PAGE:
South Asians and The U.S. Border Crisis
On June 12th, Gurupreet Kaur was found in the Sonoran desert by U.S. Border Patrol agents, dead from hyperthermia. Temperatures in Arizona’s desert reached 108 degrees Fahrenheit. Her death is the second recorded fatality of a migrant child attempting to cross the border into the United States.
Border patrol statistics have recorded an uptake in immigrants from India attempting to cross into the United States-- in 2018, 8997 Indian citizens were apprehended at the border, compared to just 2943 Indian migrants the year before. These numbers still only represent 2% of all illegal border crossings in 2018, the majority of migrants coming from Latin America-- but the question still remains: why the sudden increase?
A Broken Immigration System
In 2018, U.S. Citizenship and Immigration Services released that there was 306,601 alien workers from India who had applied for green cards. When including children and spouses, this number jumps to 632,219 immigrants waiting for citizenship and entrance to the United States. This problem has been exacerbated to the point that according to a study done by the Cato Institute, there is a 150-year wait for Indian immigrants applying for their green cards. However, the trend is not expected to continue, with the House passing H.R. 1044 on July 13th, clearing employment-based backlogs.
Narendra Modi was voted into the office of Prime Minister in a landslide election: India has become virtually a single-party system. He represents the Bharatiya Janata Party (BJP), a close associate with the Rashtriya Swayamensewak Sangh (RSS), who believes that India should be a primarily Hindu nation-- the rights of Christians, Muslims, and other religious minorities fall second to the rights which should be held by Hindus. Modi himself is not an official member of RSS, but he’s pursued policies in line with their goals and surrounded himself with advisors who are members, such as Amit Shah. Shah has called non-Hindu immigrants “termites,” marking an exponential increase in the number of religious tensions.
As a result, religious minorities have been trying to leave India to escape this religious persecution and live in a safe and supportive environment. Despite the increase in xenophobia and racism in the West, countries like the United States offer legal protection from religious persecution, making crossing the U.S.-Mexican border an objective for many. While this may not be the sole reason for leaving, Modi has a historical record of favoring Hindu nationalist groups who inflict religious persecution and damage upon minorities. In 2002, a train caught fire resulting in the deaths of over 50 Hindus. Modi, chief minister of the state where the incident occurred, did nothing when the RSS accused Muslims of the fire which sparked (no pun intended) riots that resulted in the death of more than 1000 people.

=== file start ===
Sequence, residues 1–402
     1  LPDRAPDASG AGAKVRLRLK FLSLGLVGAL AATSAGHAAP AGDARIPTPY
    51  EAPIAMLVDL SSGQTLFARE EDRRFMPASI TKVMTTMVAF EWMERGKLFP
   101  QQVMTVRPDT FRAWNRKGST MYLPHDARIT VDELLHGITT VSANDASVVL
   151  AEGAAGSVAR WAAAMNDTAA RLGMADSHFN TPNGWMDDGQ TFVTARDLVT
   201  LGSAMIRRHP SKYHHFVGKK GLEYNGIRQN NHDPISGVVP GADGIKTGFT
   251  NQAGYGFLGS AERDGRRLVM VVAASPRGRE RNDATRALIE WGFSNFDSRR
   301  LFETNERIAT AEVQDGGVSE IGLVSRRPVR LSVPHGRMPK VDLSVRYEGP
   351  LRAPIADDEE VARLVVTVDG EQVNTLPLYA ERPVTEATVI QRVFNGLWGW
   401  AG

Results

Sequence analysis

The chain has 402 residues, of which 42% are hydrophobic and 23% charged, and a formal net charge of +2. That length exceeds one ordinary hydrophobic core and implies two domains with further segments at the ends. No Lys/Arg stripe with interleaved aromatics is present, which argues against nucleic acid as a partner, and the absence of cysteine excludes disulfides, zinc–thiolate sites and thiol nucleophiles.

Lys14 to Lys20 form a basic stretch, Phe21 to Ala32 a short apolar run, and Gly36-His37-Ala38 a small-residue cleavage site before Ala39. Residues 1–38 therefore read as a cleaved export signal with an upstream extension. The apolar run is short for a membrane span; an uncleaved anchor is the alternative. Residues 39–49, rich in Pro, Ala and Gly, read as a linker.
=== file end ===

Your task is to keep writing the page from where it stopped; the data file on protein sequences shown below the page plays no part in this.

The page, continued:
In the case of Gurupreet Kaur, her family was Sikhs, a religion that combines elements of Hinduism and Islam. Her father’s lawyer told CNN that he was “fleeing persecution,” and that the immigration battle between the Kaurs and the U.S. was one of asylum. Her parents released a statement saying that “We wanted a safer and better life for our daughter, and we made the tough decision to seek asylum here in the United States.”
Resolving the Crisis
In the end, the question still remains: what can be done about this situation? In the United States, there is a substantial discussion on how to fix the immigration system on a federal level, but the dangers of Hindu nationalism and increasing persecution aren’t being talked about in India. Modi can manipulate, and given the outcome of the 2019 Indian election, the voting population of India is on his side. He has used the strategies of paining immediate threats to India nationalism, referencing immigrants as “infiltrators,” “termites,” and “outsiders.” The fear and polarization that India is undergoing right now are isolating Indian minorities and pushing them to take extreme and difficult decisions to preserve their lives.
South Asians in the United States should recognize that the border crisis impacts their own community and use their voice to speak out not only against the broken immigration system of the United States but also against the dangerous rise of the RSS in India. As Mahatma Gandhi’s 150th birthday approaches, despite his many faults, it is time to remember and pursue his hope of a multicultural India-- one that does not force religious minorities to leave for the sake of dangerous and mistaken nationalism.